The Benicia New Era published an extensive description of the seminary on July 27, 1878, after the school had been remodeled and refurbished. For the second time in its history, Mrs. Atkins Lynch was at the helm.

“During the time which has elapsed since she severed her connection with the Seminary (in 1865), she has visited the best schools in Europe and America; has studied the systems under which they are organized, reflected much upon the results which they are achieving. She will bring to her aid, therefore, the exercise of a wide experience and a riper judgment, whereby she hopes to preserve whatever of excellence the Seminary may have had in former years and to make important improvements in those departments designed to fit young ladies for the practical duties of life.”

The school had been painted, wallpapered, new floors and new blinds installed, and in general remodeled top to bottom. Bedding, towels, napkins and other necessary items had been purchased and were provided free of charge.

“The school buildings are divided into about sixty rooms, thirty-eight of which are pleasant, comfortable apartments for pupils. On the first floor on the right hand side of the main building is the reception parlor, two extra sleeping rooms for guests and a study; the left side is entirely devoted to the young ladies parlor, making a room 36 x 24 feet.

“There are three music rooms, four recitation rooms, four bath rooms, and numerous store rooms. The main school room is situated in a building a short distance from the main structure, though connected by a covered walk; it is 36 x 44 feet and has desks for seventy pupils, which is about the number the establishment can accommodate.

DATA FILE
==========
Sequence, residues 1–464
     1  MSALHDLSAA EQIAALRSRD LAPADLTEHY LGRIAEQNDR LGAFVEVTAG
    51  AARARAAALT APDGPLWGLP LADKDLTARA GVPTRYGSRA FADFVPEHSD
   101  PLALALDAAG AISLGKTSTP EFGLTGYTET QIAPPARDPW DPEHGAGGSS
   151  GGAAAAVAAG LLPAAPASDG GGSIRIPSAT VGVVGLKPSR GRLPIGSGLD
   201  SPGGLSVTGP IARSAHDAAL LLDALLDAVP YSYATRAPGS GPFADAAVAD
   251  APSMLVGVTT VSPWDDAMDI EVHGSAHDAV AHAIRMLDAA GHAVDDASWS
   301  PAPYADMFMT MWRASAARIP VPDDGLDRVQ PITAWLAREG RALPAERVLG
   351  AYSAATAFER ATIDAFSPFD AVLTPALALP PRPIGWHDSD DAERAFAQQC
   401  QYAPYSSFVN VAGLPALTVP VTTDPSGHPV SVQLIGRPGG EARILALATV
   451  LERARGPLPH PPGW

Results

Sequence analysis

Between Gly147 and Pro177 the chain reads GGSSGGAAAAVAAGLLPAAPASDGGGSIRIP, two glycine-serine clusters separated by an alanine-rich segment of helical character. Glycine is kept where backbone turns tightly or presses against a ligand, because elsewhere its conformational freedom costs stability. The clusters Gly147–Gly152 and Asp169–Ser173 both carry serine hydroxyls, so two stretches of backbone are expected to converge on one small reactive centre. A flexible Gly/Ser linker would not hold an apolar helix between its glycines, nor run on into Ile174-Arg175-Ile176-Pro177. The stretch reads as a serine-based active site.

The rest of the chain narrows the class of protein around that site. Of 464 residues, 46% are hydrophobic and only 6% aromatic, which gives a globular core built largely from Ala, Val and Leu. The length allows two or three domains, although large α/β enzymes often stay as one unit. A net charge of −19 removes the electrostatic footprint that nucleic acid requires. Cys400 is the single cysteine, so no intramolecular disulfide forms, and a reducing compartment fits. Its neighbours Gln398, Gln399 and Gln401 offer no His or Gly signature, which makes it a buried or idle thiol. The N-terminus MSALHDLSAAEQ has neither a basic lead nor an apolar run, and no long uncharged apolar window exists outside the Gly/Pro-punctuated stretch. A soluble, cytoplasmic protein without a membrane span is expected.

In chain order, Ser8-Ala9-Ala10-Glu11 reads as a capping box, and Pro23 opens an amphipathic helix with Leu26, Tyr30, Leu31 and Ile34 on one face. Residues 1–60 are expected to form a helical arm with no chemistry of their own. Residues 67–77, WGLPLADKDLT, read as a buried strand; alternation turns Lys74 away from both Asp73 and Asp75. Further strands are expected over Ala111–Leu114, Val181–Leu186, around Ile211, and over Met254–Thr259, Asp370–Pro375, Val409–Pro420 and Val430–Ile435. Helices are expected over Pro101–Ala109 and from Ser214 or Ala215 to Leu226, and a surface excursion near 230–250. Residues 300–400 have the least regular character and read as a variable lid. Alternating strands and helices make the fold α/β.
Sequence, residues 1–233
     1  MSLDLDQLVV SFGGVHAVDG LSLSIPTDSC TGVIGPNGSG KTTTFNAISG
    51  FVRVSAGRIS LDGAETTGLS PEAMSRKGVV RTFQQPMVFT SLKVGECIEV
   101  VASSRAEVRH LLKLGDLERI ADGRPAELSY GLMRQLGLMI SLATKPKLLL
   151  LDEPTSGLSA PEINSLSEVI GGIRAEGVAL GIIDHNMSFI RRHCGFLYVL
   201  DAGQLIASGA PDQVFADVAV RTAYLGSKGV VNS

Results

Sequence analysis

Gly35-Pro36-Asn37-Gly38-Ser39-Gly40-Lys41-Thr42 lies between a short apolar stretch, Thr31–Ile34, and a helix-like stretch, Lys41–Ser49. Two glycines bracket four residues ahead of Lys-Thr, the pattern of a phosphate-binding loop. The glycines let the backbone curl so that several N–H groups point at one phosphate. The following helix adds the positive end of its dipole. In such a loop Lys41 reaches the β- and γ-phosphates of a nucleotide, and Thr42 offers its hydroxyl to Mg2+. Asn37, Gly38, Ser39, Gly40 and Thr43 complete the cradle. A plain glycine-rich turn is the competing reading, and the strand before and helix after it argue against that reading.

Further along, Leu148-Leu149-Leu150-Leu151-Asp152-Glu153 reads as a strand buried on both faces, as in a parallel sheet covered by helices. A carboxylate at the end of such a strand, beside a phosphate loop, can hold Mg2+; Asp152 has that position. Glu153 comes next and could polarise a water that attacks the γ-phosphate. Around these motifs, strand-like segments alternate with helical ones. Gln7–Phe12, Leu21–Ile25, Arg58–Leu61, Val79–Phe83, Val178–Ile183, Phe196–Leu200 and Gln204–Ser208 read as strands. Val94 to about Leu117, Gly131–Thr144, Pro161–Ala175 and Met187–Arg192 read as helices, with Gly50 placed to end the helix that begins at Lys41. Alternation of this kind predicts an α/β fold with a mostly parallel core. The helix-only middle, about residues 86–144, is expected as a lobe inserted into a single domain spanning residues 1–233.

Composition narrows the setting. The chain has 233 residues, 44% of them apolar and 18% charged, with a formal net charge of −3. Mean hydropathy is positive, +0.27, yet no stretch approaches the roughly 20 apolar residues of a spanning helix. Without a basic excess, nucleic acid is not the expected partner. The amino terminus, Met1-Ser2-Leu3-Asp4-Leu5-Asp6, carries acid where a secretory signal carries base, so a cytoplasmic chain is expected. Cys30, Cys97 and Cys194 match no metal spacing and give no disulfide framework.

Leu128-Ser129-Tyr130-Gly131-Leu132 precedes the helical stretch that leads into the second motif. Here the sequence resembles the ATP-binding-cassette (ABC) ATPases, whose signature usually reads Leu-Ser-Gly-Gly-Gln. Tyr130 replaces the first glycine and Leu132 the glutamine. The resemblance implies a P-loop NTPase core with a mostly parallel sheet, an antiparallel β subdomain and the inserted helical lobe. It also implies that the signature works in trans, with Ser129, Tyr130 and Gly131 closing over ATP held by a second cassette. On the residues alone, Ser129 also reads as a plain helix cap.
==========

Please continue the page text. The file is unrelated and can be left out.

“There are two grand pianos, four ordinary pianos and one organ for the use of the pupils.”

Safety obviously was a great concern, as wood structures burned easily.

“The place is supplied by water from Mr. Hastings’ water works and numerous hydrants give ample fire protection. The buildings are supplied with numerous exits, so that it is hardly possible for an accident to happen to life in case of fire. Besides the water works there is an elevated large iron tank holding 10,000 gallons of water.”

The school was surrounded by extensive property, providing the students with elaborate outdoor surroundings. “The buildings are magnificently situated, just a convenient distance from the water front, and the grounds, consisting of a small fraction of less than six acres, finely laid out in broad graveled walks, arbors, croquet grounds, play yards, gardens, vineyard, etc., having numerous large fruit and shade trees, and altogether making surroundings of a most cheerful and interesting character.”

Of great importance naturally were the teachers. It is fascinating to observe how much importance was given to musical education. “Mrs. Lynch will be the Principal,” the Benicia New Era continued, “Miss Martha Hathaway, a very excellent teacher, will be the leading assistant; Miss Susan Morgan, of Oakland, a most desirable acquisition to the establishment, will have charge of the scholars in vocal music; Mrs. L. Roger, wife of Pro. Roger of St. Augustine College, will give the instruction in French; Prof. Corbaz, a late arrival on the Coast with the very highest recommendations, will be the instructor of piano and instrumental music; Miss Hattie Riddell, of this place, a young lady whose attainments in the arts have given her more than a local reputation, will be the teacher in drawing and painting. These, with the valuable assistance of Judge Lynch, will make a most excellent corps of teachers. As the school fills up it is the intention to secure additional teachers.”

The school continued to flourish under the care of Mrs. Atkins Lynch until her death in September 1881. It was then sold one final time, to Paul Pioda, whose wife was herself a graduate of the Seminary. The couple ran the school until 1886, when it finally closed down forever.